After a month-long delay due to a crack in a fuel nozzle weld, SpaceX—the California-based company founded six years ago by Internet entrepreneur Elon Musk—is poised for a third attempt to send its privately developed Falcon-1 rocket into orbit. According to SpaceX, the launch window opens August 1 (Ed. note--changed from July 29), when the 70-foot tall, two-stage Falcon 1 is scheduled to blast off from a U.S. military base on Kwajalein Atoll in the Pacific.
The hopes of the “New Space” movement will be riding along with it.
In its 2006 inaugural attempt, the Falcon-1 took off and flew for 29 seconds before catching fire and exploding. Fuel leaking past a single rusted nut was to blame. On a second try a year later, the Falcon reached an altitude of more than 180 miles but did not achieve orbit before falling back to Earth. Sloshing fuel in the pressure-fed, second-stage tank had never reached the engine, which ran dry and cut off 90 seconds too soon.
Unlike the previous tries, which were billed as demonstrations, this is not a test. Flight 003, as SpaceX calls it, carries cargo belonging to paying customers: an Air Force satellite called Jumpstart that’s meant to show that small satellites can be built and launched quickly; a test ring adapter for the Malaysian space agency ATSB (a future SpaceX client); and two breadbox-size NASA experiments, one of which aims to be the first solar sail deployed in space.
For Musk, it’s a critical moment in his second career. A co-founder of PayPal with a personal fortune estimated at more than $300 million, the South African native has sunk more than a third of that amount into his 470-person space company. This is not a hobby; SpaceX's manifest lists 14 launches through 2011, all with customers who have contracted for low-cost launches on Falcon 1 and the much larger Falcon 9, which is being built and tested for launch early next year.
Musk aims to use these rockets and their variants to smash the current price to reach orbit. A Falcon-1 launch costs under $8 million, about half the industry average; the Falcon 9 goes for less than $37 million to lift 7,700 pounds to low Earth orbit; a planned Falcon-9 Heavy will be able to lift 62,000 pounds for $94.5 million.
Virtually everyone in the space business wishes SpaceX luck. NASA is a potential customer, and already a partner. The agency has given the company development funds from its COTS (Commercial Orbital Transportation Services) initiative, which is trying to foster new ways to resupply the International Space Station after the space shuttle is retired next year. After a rigorous NASA design review involving more than 400 agency personnel, SpaceX was recently awarded an open-ended NASA contract to provide launch services between now and 2012; the arrangement is worth up to $1 billion. (Or, as the fine print says, as little as $20,000—it’s the rocketry equivalent of “Deal or No Deal.”)
Other customers, such as the U.S. Air Force, the Malaysian space agency, Canada’s MDA, Avanti Communications in the United Kingdom, the Swedish Space Corporation, and Bigelow Aerospace, have contracted for launches as well.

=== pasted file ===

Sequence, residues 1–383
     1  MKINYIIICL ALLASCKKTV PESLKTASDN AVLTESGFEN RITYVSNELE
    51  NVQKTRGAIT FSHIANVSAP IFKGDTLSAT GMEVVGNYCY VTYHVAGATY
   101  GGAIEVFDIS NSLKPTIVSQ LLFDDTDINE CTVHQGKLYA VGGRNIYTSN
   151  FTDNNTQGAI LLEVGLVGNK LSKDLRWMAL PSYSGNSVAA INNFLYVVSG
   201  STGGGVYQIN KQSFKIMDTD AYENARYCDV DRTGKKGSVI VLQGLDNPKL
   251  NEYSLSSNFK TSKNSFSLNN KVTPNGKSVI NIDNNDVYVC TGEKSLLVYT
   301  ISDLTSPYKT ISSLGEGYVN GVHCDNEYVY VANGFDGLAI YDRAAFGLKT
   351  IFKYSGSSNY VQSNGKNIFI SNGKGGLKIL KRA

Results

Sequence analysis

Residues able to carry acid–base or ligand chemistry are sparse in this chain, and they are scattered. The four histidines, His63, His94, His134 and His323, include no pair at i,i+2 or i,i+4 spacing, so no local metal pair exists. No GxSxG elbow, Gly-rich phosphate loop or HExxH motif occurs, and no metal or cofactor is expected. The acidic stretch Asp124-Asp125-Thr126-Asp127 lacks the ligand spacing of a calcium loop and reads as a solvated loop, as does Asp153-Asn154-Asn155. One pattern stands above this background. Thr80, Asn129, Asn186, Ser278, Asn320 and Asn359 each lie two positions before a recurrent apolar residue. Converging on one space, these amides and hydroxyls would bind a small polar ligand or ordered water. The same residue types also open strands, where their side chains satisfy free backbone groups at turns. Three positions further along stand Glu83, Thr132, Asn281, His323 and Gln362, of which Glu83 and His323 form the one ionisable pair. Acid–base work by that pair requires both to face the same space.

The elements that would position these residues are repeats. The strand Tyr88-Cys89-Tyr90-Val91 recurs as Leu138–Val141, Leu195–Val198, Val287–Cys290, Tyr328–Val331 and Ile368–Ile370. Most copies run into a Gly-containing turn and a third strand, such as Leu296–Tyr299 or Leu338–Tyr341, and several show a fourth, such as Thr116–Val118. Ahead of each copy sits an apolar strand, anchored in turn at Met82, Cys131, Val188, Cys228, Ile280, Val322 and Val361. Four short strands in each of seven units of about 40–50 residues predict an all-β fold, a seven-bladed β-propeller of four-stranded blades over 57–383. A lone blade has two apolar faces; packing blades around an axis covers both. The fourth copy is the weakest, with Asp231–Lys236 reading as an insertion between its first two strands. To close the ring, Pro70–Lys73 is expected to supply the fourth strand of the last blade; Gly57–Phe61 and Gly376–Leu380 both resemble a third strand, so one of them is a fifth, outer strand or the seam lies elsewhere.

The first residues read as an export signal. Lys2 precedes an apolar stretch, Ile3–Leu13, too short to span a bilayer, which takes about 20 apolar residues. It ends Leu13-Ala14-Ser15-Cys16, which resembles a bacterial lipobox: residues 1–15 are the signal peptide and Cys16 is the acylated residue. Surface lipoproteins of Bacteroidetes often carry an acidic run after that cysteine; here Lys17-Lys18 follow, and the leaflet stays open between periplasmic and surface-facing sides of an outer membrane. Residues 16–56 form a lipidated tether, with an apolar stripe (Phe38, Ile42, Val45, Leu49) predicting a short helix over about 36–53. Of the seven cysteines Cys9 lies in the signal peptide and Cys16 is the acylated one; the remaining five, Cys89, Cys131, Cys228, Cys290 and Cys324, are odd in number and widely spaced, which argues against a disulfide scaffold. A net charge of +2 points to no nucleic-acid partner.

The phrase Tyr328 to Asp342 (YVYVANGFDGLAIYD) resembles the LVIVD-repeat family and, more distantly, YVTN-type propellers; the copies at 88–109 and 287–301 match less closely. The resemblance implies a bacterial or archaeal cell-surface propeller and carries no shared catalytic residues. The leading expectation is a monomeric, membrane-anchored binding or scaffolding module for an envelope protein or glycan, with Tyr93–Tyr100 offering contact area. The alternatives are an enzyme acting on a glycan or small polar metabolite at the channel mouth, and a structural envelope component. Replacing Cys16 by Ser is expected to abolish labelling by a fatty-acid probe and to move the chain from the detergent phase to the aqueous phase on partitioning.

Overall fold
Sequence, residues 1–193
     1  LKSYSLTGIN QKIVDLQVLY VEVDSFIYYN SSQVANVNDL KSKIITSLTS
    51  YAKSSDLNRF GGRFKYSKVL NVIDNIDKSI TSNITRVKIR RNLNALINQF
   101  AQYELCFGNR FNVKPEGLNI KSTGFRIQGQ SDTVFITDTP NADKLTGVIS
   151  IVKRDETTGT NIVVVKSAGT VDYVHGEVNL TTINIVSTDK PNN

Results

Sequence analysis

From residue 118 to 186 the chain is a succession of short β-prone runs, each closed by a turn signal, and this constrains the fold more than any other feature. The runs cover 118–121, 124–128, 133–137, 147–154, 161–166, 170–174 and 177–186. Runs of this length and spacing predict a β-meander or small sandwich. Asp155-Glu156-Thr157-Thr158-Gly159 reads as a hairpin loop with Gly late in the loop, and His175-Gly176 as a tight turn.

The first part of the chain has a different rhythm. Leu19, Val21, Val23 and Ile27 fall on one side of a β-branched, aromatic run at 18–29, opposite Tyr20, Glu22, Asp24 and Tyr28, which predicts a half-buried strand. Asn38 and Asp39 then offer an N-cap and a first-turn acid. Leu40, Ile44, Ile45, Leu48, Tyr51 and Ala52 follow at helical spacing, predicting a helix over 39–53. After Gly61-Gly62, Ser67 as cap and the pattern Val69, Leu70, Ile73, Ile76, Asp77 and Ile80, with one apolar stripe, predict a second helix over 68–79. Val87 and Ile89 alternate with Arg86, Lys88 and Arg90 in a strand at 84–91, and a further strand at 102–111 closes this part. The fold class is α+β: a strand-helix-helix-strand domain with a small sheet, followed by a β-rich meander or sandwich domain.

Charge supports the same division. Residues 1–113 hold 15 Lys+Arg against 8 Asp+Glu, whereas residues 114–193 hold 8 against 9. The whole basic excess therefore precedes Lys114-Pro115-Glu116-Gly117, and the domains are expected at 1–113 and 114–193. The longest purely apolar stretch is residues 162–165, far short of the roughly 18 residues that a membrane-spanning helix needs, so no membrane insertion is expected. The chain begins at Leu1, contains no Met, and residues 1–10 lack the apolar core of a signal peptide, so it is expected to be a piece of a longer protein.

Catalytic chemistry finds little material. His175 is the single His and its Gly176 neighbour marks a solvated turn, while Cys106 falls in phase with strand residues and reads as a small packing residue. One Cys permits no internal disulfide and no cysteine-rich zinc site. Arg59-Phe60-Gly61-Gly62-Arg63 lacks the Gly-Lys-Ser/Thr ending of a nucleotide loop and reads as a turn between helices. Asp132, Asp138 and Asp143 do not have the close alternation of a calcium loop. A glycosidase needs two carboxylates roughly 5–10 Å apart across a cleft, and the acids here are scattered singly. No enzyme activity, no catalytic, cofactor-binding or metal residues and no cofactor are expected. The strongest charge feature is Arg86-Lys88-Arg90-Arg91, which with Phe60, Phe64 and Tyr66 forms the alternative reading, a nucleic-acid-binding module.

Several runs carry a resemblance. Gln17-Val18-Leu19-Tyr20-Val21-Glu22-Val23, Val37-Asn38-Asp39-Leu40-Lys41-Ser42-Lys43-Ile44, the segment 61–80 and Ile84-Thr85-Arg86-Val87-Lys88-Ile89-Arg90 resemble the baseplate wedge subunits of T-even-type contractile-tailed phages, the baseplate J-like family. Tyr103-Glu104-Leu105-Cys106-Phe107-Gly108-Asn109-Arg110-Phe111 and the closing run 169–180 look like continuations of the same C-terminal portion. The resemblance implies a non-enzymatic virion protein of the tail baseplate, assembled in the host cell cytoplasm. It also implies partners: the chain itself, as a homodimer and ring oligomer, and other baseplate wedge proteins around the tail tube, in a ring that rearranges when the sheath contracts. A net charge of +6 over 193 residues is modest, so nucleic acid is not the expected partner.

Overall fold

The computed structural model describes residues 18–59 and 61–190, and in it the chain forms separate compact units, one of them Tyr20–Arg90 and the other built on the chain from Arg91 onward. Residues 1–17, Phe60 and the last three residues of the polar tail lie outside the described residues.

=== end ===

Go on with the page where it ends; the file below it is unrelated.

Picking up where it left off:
If Flight 003 fails, will the customers stick around? Despite the launch mishaps, ground tests have so far given them reason to remain hopeful. Falcon 1 and 9 engine firings and other dynamic tests over the last few months have all succeeded. The fuel baffles in the faulty second stage tank have been reconfigured.
On July 29, if all is ready, Musk will once again enter SpaceX mission control, a semi trailer parked in his huge manufacturing facility in Hawthorne, California. The spartan trailer has a row of Sun computer workstations against one wall, and a raised, carpeted platform and single chair at one end. Musk will watch the screens as his rocket tries for its first undisputed win.
If the Falcon falls short, he has pledged to continue. His words sometimes have a Churchillian ring: “SpaceX will never give up,” he told a gathering of space reporters in mid-May. “I will never give up. Never.”
For the 37-year-old visionary, SpaceX is not just about putting payloads into orbit, or even on the moon. (Though he said recently that a seven-person circumlunar voyage could be achieved for just $80 million.) Musk started this quest with a more ambitious goal—sending men and women to Mars.
In a speech delivered earlier this month to the Royal Aeronautical Society in London, he said, “For the first time in the four-billion-year history of Earth, there exists the possibility of extending life beyond Earth to other planets…. It is difficult to predict how long that window will remain open.
“Commercial space transport companies, including possibly SpaceX, are needed to make this happen, as the commercial sector is best suited to optimizing both the cost and reliability of access to space, just as the commercial air and ground transport companies did in their sectors. I believe we will need at least an order (perhaps two orders) of magnitude reduction in present-day space launch costs and flight failures to achieve the goal of becoming a multi-planetary species.”
A lofty goal. But first Musk has to pass the test of reaching Earth orbit. And as he himself has noted, in the rocket business, the only passing grade is 100 percent.